Though the Iconactory is well known for a variety of popular and consumer-friendly Mac and iOS apps, including Twitterrific, Ramp Champ, Frenzic, and Astronut, Chameleon targets developers. The company describes the project as “a clean room implementation of the work done by Apple for iOS.” The idea is simple: iOS developers can take code written for Apple’s UIKit framework and, with relatively minimal effort, get that code to run on the Mac instead.
In fact, the company says that its recent update of Twitterific for Mac is actually built atop the Chameleon framework. Since Chameleon doesn’t use any private APIs and depends only upon open Apple documentation, it doesn’t violate any rules that would block dependent apps from the Mac App Store (indeed, you can purchase Twitterrific from the Mac App Store today).
By creating Chameleon, Iconfactory was able to reuse more than 90 percent of its iOS codebase for Twitterrific in the new Mac version. They’re not alone, either: Developer Steve Troughton-Smith posted on Twitter that he was able to port his iPhone app SameGame to the Mac with Chameleon in just a “couple hours” after the announcement of the framework.
While some wonder whether Apple might create a similar framework on its own, the Iconfactory developers currently don’t expect Cupertino to do so, stating explicitly that the Iconfactory “value[s] our relationship with Apple and will shut down this project” if Apple requests it do so.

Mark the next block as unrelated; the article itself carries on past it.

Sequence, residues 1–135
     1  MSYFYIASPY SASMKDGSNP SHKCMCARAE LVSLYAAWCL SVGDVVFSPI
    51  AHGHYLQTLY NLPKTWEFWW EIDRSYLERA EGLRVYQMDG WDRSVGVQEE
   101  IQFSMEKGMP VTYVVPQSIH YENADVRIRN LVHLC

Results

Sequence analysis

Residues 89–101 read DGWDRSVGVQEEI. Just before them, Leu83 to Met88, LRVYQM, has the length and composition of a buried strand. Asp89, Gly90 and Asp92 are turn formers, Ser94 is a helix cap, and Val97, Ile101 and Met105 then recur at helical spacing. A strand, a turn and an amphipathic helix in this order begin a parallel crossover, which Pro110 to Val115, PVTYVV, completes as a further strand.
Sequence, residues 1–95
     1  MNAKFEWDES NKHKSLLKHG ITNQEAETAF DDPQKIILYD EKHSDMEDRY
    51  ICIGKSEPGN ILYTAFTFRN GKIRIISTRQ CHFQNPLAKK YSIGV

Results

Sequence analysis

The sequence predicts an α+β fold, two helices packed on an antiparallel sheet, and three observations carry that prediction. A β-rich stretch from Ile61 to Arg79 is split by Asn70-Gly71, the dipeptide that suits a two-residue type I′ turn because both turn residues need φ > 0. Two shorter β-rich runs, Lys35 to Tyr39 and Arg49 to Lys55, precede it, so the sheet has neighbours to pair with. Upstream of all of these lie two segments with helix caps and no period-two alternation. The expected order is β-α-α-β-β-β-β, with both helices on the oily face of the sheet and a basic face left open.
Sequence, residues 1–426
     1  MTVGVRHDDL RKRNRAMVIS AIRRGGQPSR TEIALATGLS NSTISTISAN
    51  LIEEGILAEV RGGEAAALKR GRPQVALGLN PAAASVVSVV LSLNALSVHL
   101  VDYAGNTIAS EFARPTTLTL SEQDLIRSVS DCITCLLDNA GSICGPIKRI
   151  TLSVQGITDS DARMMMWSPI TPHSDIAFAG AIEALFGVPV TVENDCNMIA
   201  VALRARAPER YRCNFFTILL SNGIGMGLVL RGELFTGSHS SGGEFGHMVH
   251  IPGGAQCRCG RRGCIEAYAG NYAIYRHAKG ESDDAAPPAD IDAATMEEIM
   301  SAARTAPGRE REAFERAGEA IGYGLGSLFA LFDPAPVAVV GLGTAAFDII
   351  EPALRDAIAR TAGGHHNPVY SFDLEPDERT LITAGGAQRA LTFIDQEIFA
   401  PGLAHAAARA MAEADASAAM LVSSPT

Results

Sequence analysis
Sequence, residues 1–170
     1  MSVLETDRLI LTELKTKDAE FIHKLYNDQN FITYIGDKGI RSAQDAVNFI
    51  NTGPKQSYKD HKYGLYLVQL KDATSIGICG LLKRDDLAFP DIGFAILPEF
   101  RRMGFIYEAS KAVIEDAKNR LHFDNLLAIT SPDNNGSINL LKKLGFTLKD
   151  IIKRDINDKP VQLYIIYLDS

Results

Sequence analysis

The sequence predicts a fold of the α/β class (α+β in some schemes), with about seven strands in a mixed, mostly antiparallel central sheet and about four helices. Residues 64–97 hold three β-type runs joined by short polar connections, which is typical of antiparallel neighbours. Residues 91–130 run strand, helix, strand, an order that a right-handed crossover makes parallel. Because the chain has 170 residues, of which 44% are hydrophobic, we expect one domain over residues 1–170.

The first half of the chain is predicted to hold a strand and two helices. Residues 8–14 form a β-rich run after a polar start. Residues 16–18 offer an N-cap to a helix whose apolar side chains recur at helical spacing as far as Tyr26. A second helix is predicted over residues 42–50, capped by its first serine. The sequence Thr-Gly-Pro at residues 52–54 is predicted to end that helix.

Chameleon could have a positive impact on the Mac by helping iOS developers, who came to develop for the iPhone and iPad because of the immense popularity of the devices, expand to Apple’s other platforms. With Chameleon, we may see those developers (and others) create new, iOS-ified Mac software that would otherwise never have seen the light of the desktop. Developers who've tasted success on the App Store may well be itching to give the Mac App Store a spin, and the Chameleon framework could give them an easy way to get started.
To support the open-source project, the Iconfactory is selling $250 t-shirts—and that’s not a typo. The idea is more to invest in supporting the new framework than to get a cheap new shirt to wear. The t-shirt offer runs through April 20.
The source code for Chameleon is available on GitHub.